"We have written asking for the return of the medal from the Sydney 2000 Games," an IOC official told Reuters on Thursday after the decision to take away the last major title held by the disgraced American.
The retired Armstrong was stripped of his seven Tour de France titles and banned for life by the International Cycling Union in October after several riders testified that he took drugs.
The testimony came in a United States Anti-Doping Agency report in which the 41-year-old's former U.S Postal team was accused of running "the most sophisticated, professionalized and successful doping program that sport has ever seen".
Armstrong, a cancer survivor who founded the Livestrong Foundation, has always denied wrongdoing but is due to appear on U.S. television later on Thursday with reports saying he will confess to taking banned substances.
CBS Television reported on Tuesday the former rider had offered to pay more that $5 million to the U.S. government in compensation for an alleged fraud against the U.S. Postal Service, which for years sponsored his cycling team.
The network also said he had offered to co-operate as a witness in a U.S. investigation but the Department of Justice turned down his request, raising the prospect that he could yet serve time in prison.
Armstrong's interview with talkshow host Oprah Winfrey, taped earlier this week, will be broadcast later on Thursday.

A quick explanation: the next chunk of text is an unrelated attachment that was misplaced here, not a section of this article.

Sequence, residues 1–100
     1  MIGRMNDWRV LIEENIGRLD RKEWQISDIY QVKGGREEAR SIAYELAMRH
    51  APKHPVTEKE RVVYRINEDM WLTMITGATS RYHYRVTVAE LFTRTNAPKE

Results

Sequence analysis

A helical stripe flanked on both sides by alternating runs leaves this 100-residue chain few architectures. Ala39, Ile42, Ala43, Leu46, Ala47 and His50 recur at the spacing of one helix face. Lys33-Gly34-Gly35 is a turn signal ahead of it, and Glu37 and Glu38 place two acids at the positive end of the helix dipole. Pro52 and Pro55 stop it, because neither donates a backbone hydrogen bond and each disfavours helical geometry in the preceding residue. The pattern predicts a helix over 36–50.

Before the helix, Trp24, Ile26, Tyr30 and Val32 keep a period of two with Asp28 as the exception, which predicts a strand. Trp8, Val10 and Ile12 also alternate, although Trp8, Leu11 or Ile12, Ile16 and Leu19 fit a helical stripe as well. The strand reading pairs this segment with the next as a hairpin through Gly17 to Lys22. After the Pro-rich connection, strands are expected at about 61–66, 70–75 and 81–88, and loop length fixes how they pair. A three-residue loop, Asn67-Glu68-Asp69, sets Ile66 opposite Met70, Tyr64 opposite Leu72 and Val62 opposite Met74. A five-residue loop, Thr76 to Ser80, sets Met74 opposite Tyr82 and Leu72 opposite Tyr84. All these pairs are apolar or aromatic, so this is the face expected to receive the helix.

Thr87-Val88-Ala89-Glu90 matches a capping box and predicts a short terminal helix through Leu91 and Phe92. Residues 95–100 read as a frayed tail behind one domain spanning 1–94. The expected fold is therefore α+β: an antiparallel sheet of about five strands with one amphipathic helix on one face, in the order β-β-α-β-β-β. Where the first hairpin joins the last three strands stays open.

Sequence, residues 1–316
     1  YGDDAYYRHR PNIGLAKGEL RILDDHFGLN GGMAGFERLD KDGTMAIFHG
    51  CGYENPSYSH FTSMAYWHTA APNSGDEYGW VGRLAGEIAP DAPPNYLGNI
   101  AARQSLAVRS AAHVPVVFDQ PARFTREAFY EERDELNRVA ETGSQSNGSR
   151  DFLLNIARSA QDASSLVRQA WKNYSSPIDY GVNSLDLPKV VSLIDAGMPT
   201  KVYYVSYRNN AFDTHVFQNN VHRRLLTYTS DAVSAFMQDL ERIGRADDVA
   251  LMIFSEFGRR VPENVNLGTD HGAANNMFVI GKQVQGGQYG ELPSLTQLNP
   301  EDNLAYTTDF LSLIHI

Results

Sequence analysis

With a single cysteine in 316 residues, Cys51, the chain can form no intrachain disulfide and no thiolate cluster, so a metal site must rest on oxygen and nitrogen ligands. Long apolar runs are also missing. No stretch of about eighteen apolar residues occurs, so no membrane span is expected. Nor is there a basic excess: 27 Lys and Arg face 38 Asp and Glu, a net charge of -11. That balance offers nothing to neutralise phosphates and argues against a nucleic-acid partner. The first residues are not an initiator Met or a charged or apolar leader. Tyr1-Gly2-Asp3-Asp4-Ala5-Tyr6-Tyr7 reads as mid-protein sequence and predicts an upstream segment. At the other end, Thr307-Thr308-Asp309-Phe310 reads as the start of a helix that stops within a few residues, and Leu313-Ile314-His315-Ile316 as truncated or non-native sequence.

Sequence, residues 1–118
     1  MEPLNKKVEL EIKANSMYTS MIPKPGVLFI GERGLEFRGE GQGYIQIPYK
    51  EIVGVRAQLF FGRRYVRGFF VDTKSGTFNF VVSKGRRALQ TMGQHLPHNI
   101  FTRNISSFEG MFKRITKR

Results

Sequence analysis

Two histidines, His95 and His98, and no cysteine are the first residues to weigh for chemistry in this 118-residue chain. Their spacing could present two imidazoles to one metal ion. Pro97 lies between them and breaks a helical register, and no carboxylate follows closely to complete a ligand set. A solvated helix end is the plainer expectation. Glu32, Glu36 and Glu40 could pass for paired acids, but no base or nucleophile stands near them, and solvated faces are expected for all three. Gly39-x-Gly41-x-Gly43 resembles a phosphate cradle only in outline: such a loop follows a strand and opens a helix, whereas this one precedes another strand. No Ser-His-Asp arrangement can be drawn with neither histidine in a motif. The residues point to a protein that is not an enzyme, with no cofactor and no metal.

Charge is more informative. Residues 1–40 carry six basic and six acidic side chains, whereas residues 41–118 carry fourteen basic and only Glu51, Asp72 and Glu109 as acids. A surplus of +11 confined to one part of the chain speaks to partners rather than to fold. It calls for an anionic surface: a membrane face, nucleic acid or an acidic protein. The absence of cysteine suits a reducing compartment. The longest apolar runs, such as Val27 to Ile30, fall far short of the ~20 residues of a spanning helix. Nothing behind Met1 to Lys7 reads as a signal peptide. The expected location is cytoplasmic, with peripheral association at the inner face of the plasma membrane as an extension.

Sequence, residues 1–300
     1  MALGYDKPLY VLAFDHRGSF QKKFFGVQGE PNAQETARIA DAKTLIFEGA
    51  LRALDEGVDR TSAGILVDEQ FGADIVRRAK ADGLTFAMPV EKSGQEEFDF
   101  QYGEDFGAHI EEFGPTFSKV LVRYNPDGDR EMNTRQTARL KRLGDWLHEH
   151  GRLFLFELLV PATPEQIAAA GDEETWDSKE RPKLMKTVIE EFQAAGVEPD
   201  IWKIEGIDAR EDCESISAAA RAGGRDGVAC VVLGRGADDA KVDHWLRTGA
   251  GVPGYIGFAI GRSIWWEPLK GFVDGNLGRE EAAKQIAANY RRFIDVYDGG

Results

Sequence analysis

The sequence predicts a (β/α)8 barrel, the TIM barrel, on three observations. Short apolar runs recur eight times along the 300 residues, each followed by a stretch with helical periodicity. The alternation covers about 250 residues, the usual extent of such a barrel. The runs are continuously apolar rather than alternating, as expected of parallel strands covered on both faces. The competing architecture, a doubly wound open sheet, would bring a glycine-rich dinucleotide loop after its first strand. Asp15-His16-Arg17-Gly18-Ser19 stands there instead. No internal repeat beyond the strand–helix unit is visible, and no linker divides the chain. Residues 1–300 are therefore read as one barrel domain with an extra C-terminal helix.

The 2000 bronze was the only Olympic medal Armstrong ever claimed despite dominating cycling by winning the Tour from 1999 to 2005.
He retired for a second time in 2011.
The IOC had been preparing to make a move for the medal for months but decided at its executive board meeting in December to wait for the UCI to inform the athlete of the titles taken from him and give him the right to appeal.
"Following the recent decisions of USADA and the UCI regarding the competitive cycling results of Lance Armstrong, the IOC has disqualified Armstrong from the events in which he competed at the Sydney 2000 Olympic Games," the IOC said in a statement.
"Namely, the men's individual road race, where he finished 13th, and the men's individual time trial, where he finished 3rd and was awarded with a bronze medal and a certificate."
The IOC has asked Armstrong to return the medal and certificate to the United States Olympic Committee which should send them on to the Olympic ruling body.
"The decision was taken in principle at the IOC Executive Board meeting in December, but its implementation required the expiration of the appeal deadline," the IOC said.
Spaniard Abraham Olano Manzano came fourth in the Sydney time trial and the IOC official said it had yet to be decided if he would be moved up to bronze.
IOC sources said, however, it was very unlikely Manzano would be promoted because the organisation preferred to leave the medal vacant as it has done with the 100m sprint medal of American athlete Marion Jones, also a doping offender, from the same Games.
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